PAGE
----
Most readers of mysteries choose books by people whose names they recognize. Not promising when no one has heard of you.
A little over two years ago, Sisters in Crime and PubTrack, the book sales division of R.R. Bowker, did a survey of readers of mystery books. Most of the conclusions were not that surprising: more than 70 percent of readers are women and more than half are over 55 years old.
For the last few months I’ve been working on “Lily Plunkett and the Aquacizer Murder Club,” a book whose heroes (and, for that matter, its victims) are women over 55–and even older.
They figure out very early that age can be an asset when you’re investigating a murder.
“We should case the place first,” Letitia suggested as she rose from a stone wall to greet her, bracing herself on a classy flowered cane instead of a walker. The walker would have made her seem more frail, Lily thought. They needed to appear pitiful. Letitia was dressed too neatly, and her cardigan was too expensive, too clean and too pastel. Not that Lily had done much better. She was wearing linen slacks and a silk shirt in a tender shade of green. She probably looked too sporting for a woman almost old enough to be Albert Smythe’s grandmother. She could only hope that she and Letitia were doddering enough to seem harmless.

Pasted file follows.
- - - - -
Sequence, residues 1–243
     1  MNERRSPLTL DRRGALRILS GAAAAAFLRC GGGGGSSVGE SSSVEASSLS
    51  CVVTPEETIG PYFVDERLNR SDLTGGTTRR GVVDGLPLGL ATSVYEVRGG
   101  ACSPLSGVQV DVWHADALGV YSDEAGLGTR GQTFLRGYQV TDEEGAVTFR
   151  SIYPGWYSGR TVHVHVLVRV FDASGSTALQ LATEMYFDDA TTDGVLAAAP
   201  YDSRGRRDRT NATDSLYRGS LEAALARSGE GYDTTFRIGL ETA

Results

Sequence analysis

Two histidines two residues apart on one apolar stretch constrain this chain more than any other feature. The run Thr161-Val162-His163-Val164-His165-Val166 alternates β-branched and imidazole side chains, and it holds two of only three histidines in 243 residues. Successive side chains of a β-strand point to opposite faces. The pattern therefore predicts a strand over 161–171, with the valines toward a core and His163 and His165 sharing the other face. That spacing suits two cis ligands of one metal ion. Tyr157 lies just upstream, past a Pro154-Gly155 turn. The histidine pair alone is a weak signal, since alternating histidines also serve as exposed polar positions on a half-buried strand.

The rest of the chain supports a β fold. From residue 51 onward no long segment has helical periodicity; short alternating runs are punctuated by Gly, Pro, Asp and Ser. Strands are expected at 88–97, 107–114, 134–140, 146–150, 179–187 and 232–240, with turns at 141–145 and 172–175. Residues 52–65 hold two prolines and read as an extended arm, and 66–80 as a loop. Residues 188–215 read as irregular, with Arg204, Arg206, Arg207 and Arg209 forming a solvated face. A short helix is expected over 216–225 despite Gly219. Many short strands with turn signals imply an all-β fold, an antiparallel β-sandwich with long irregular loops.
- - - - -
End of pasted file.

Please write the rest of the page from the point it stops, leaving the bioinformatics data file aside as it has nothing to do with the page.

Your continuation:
As I write more in this series, I expect Lily and the other aquacizers to do with deliberation what Ms. Marple only did incidentally. That is, act out what other people think is old and therefore pretty ineffective, even useless.
Murder mysteries are always full of deceit.